Bad winter delays search for missing Malaysia Airlines MH370 'by up to two months'

A Royal New Zealand Air Force flying over the southern Indian Ocean looking for missing Malaysian Airlines flight MH370.
A Royal New Zealand Air Force flying over the southern Indian Ocean looking for missing Malaysian Airlines flight MH370.PHOTO: REUTERS

SYDNEY (Reuters/AFP) - An undersea search for missing Malaysia Airlines flight MH370 will be delayed by up to two months because of bad weather in the Indian Ocean during the southern winter, the authorities said on Wednesday (Oct 19).

The Boeing 777 disappeared on its way from Kuala Lumpur to Beijing in March 2014 with 239 passengers and crew on board, sparking a 2½-year search that has focused on the Indian Ocean.

The authorities from Malaysia, Australia and China initially expected to finish searching a 120,000 sq km target area by the end of 2016. "Due to poor weather conditions over the Southern hemisphere winter, it is expected searching the entire... area will be completed by around January/February 2017," they said in a statement.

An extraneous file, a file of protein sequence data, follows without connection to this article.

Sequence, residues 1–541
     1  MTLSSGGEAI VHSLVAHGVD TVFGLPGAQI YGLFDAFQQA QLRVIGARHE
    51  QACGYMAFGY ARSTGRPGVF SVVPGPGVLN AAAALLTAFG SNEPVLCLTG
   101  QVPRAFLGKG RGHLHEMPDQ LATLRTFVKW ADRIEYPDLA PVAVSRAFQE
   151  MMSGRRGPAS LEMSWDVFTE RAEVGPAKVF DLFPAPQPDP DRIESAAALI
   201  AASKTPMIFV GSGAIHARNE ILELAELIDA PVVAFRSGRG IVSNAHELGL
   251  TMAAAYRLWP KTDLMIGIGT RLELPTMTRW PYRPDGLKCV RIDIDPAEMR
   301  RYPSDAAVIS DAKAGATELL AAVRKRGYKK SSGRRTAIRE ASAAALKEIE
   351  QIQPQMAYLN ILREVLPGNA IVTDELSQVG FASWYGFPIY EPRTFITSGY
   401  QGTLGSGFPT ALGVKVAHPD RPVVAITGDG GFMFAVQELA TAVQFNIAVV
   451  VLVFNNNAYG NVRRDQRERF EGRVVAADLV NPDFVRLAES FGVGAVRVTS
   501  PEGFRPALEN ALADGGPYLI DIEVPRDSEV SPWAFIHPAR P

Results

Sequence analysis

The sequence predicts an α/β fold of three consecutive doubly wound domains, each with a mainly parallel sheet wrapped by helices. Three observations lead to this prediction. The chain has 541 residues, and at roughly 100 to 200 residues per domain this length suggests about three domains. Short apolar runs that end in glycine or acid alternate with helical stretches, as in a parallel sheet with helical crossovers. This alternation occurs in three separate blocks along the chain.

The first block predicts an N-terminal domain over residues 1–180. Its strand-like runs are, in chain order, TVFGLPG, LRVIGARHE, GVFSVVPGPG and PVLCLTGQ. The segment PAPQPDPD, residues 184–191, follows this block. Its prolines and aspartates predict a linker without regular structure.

Investigators will also deploy an underwater vehicle to take a closer look at objects found during a sonar survey of the southern Indian Ocean in the hunt for missing Malaysia Airlines MH370, Australia said on Wednesday.

Other so-called sonar contacts found in the investigation did not "exhibit the characteristics of a typical aircraft debris field" but some had "man-made properties" and needed to be eliminated as from MH370, the government agency leading the search, the Australian Transport Safety Bureau (ATSB), said in a statement.

"The ROV (remotely operated vehicle from Chinese ship Dong Hai Jiu 101) will be tasked to re-acquire and investigate, through video imaging, a range of sonar contacts which have been identified during previous deep tow operations," the ATSB said.

In what has been the most expensive search in aviation history, the authorities said they had searched 110,000 square km to date.

The search will be suspended once the target area is scoured, pending new information.

Why the aircraft went off course and came down are a mystery.

The only confirmed traces of the plane have been three pieces of debris found washed up on the island country Mauritius, the French island Reunion and an island off the coast of Tanzania.